We had an ‘out of this world’ start to the Spring Term! As part of their investigation into the Solar System, children used salt dough and made ‘Planets in your Pocket’ zigzag books to help them understand the order and relative sizes of planets. Additional research of these planets led to further questions being posed such as: Why has Pluto been downgraded to a dwarf planet? Fortunately, we had a virtual visit with Nick Busby from Usk Astronomical Society, who was able to provide an explanation to this question and many others. He was also able to tell us which constellations to look out for when stargazing in our stupendous night skies. Having captured the children’s imaginations, this stimulus led to rich, descriptive language being employed in their ‘Mars, Bringer of War’ poems, which were performed with gusto and positively evaluated by their peers.
The Tardis-like ‘Reflection Tent’ has been a new, valuable resource that Y5 pupils have been incorporating in their learning. They have been able to use it to quietly reflect on work or offer their opinions on particular issues, using Seesaw or Flipgrid.
As part of their STEM work, The Smallpeice Trust (yes, it is spelt that way) shared their passion for engineering by setting a challenge. Children were tasked with taking on the role of aerospace engineers, which involved designing and building rockets for launching a satellite into space. These rockets were then tested to determine which designs worked the best. Fair Tests were carried out and they then investigated how angles and payload (weight attached) would affect the range of their rockets.
Our theme for this half term has been Digital Detectives and each week pupils have been set tasks by the NDEC (National Digital Exploitation Centre), who work with schools to promote the cyber industry – as a rewarding career, as well as to upskill children with online safety and develop pupils’ digital competency. The children took on the role of forensic investigators as the project was based around the fact that cyber crimes can be solved because everything that is connected to the internet leaves a trail of data behind. Problem solving, working collaboratively, and understanding cyber security techniques have been at the centre of these activities. The children have been thoroughly engrossed and shown great enthusiasm during each of the set tasks, which have included: How to Rob a Bank, Mock Crime Scene Investigation, Automotive Forensics, Coding Cars, Investigating Forensic Evidence, Building a Case and A Day in Court. Children were particularly excited to don hazmat suits, then equipped with notebooks, iPads (for taking photos) and evidence bags, swarmed over the recovered Jaguar I-Pace, that had been brazenly stolen from outside the NDEC. Forensic evidence gathered and digitally investigated, they then wrote up their crime scene reports, ready to prosecute this offender in ‘court’ and bring them to justice. A big thank you to Mrs Kenney, a magistrate and one of our Y5 parents, who clearly explained court proceedings as well as answered our wide ranging questions during her virtual visit.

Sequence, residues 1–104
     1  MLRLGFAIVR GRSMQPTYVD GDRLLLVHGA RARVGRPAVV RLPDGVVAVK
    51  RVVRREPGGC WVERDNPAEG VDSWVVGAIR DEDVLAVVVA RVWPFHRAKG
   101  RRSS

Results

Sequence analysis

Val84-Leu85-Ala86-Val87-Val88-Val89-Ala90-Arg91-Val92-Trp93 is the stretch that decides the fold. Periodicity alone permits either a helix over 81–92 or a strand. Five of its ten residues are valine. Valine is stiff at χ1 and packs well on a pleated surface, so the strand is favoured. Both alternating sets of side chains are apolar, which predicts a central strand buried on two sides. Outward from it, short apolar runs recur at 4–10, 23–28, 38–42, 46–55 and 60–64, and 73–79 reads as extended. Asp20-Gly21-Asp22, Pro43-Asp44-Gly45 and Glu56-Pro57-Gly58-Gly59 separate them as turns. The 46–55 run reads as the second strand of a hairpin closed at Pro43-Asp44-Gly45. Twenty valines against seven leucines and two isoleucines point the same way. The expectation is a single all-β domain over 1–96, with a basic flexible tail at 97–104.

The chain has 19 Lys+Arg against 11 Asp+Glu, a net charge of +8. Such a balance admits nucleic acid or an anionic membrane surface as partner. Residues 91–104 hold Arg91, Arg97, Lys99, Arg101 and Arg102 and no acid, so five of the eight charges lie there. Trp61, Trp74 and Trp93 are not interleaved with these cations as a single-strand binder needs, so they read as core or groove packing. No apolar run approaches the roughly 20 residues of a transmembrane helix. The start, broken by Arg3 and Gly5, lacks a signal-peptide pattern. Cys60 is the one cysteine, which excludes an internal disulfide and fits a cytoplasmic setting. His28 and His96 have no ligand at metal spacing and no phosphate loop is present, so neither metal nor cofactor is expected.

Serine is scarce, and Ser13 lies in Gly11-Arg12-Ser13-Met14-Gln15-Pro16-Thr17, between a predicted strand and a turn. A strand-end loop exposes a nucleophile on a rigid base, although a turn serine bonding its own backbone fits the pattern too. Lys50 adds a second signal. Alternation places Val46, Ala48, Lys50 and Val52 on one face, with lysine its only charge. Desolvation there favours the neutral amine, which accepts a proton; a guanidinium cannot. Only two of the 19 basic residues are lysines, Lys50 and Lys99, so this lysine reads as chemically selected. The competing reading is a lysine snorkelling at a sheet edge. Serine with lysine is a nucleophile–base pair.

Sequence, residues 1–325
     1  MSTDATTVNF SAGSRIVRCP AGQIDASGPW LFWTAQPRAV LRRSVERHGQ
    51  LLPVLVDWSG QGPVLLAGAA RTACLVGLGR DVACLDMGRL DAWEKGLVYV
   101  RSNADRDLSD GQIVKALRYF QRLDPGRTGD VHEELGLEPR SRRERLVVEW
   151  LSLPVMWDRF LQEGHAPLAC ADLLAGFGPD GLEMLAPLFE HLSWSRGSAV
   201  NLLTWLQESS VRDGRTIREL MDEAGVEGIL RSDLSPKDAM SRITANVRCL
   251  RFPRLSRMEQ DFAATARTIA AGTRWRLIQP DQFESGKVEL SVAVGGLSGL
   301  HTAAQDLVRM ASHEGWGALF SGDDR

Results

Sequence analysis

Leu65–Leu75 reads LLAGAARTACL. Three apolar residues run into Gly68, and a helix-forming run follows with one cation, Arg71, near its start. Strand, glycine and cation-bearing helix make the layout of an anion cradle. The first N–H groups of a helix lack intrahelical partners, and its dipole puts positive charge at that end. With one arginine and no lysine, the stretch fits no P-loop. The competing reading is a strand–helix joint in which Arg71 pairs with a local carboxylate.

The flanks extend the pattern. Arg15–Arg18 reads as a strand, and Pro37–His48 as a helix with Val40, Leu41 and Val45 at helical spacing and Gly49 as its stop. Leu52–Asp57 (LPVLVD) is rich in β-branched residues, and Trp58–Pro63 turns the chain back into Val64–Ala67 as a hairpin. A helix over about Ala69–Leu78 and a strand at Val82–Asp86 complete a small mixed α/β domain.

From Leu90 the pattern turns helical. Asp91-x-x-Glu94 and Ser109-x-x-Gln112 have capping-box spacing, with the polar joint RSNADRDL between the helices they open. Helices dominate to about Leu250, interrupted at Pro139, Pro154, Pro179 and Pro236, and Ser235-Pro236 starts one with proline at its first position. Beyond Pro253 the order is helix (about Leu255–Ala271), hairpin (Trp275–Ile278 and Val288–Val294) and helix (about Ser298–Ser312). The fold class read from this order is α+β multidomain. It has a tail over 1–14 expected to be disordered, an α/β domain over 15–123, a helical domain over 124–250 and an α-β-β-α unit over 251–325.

Why not have a watch of the video of our investigation of the stolen Jaguar:
Much of our literacy work this half term has been centred around our crime solving theme. Who would have thought that the school grounds would prove to be such an engaging stimulus for writing our suspenseful sagas? This unexpected source provided a wealth of photographic opportunities, which collectively provided inspiration for atmospheric settings in these short stories.
A visit from Drama Queens was a real treat. Learning, practising and finally performing a dance routine was no easy feat as the children had to use their noticing skills and really persevere with each part of the choreography. ‘Let’s Face the Music and Dance’… they certainly did that – a super effort!
This last week has seen us busily preparing for the Eisteddfod that will take place after the half term break. Children have been fully embracing this exciting event, which has included learning the recitation, writing it up as a poem using their best handwriting, carefully sketching a miner’s lamp and writing their adventure stories, ‘Trapped’ – set in a Victorian coal mine.
The second half of the term will continue to be full of fun and memorable learning experiences, including three weeks of swimming, which always turns out to be one of the highlights of the year for the children.
Enjoy the half term break and we will see you all shortly.